By Ashlesha Rodrigues Dsouza

20 September 2021 - 12:45pm

Understanding the role of grammar in a language is sort of like learning how to bake. Just by looking at a cake, we cannot know how to bake one. We need to learn the steps to bake the perfect cake. Grammar is like the recipe that helps us to prepare perfect sentences.

Simply put, grammar is a system of rules or patterns that define how we structure sentences. Scott Thornbury, a famous English language expert says that grammar is actually a process, he calls it ‘grammaring’. 

When we learn a new language, it is often difficult to focus on communicating ideas and forming accurate sentences at the same time. We need to practise to develop this ability. Here are a few tips for improving grammar to help you get it right

  1. Watch that verb

Every sentence has a subject (I, we, Jack or Jill) and a verb to go with it. Remember that your subject and verb are friends. They must always agree with each other. 

  • Ask yourself: Is it singular or plural (child or children)? Is it countable or uncountable (person or people)? Then, make sure your verb agrees with it in number and person.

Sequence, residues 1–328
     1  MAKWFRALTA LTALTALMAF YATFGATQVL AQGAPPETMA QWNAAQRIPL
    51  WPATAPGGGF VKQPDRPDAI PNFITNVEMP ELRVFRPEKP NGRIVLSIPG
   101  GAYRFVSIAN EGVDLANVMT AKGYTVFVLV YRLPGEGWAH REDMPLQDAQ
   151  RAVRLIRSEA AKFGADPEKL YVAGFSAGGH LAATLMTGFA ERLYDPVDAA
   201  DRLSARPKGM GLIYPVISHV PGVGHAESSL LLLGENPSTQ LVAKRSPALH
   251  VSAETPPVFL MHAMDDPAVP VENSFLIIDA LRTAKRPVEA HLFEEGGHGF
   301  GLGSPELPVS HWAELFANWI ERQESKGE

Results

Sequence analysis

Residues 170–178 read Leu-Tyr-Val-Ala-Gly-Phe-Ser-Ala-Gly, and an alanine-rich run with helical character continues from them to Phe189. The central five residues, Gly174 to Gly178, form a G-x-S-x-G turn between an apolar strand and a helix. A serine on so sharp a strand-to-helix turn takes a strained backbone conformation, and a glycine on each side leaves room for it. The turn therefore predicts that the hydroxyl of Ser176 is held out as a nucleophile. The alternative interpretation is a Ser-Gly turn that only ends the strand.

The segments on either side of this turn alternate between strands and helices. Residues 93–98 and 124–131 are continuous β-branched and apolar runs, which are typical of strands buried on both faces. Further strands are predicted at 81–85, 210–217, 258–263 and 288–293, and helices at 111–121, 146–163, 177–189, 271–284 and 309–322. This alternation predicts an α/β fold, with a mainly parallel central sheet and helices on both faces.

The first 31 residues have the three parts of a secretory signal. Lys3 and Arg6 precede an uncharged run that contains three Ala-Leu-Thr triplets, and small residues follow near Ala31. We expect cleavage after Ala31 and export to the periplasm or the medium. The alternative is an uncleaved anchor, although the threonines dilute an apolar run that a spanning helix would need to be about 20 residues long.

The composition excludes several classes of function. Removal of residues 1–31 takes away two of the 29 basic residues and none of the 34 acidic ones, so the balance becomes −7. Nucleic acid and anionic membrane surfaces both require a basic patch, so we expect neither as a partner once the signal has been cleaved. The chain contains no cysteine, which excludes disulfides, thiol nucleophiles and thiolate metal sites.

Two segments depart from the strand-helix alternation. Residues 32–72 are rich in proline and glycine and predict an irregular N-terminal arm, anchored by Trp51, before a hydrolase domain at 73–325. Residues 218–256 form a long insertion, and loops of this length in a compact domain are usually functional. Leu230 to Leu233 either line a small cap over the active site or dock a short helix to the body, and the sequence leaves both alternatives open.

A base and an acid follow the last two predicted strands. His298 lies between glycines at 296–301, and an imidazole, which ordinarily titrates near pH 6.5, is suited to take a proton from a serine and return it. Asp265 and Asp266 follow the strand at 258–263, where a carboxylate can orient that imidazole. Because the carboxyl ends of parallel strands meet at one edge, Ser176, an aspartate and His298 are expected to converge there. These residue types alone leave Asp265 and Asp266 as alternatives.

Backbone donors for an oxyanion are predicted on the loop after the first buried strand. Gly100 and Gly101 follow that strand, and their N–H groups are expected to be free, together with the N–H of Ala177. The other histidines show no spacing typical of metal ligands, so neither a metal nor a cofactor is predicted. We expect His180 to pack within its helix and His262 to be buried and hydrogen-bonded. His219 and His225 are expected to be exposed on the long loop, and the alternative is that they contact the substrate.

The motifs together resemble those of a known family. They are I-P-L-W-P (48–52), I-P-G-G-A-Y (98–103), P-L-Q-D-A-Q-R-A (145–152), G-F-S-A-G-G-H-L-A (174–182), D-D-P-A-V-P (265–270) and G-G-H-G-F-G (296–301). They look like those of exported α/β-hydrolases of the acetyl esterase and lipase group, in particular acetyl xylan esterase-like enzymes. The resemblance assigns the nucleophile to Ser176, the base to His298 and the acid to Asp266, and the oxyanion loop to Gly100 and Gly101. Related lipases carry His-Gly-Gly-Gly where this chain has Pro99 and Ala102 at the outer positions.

The child loves cake. The children love cake.
    A person enters the cake shop. People enter the cake shop.

  • Beware of verbs in the 3rd person.
    The problem is never ‘you’ or ‘I’, it’s usually ‘he’, ‘she’ and ‘it’ ! Most verbs have a different form when the subject is in the 3rd person singular, that is ‘he, she or it’.

    1st I eat cake 
    2nd You eat cake
    3rd She eats cake.

    In the case of the 3rd person singular, verbs regular verbs have an ‘s’ at the end. Don’t forget to add this.

  • Verbs that help other verbs aka ‘auxiliary verbs’
    Verbs like ‘do’ are known as ‘helping’ or auxiliary verbs. When we form questions, for example, most of the verbs need ‘do’.

    x What cake you want for your birthday?
    What cake do you want for your birthday?

    Here's one of the most useful tips to improve grammar skills - Don’t leave those helping words out!

2. Add those articles

Articles are everywhere – ‘a’, ‘an’ and ‘the’. Most nouns need them! 

  • Add indefinite articles (a, an) before all singular countable nouns.
    He baked a cake for his mother’s birthday. 
  • Use the definite article ‘the’ when you want to be specific.
    I want the red cake that’s in the shop window. 
    (I want that specific cake and no other)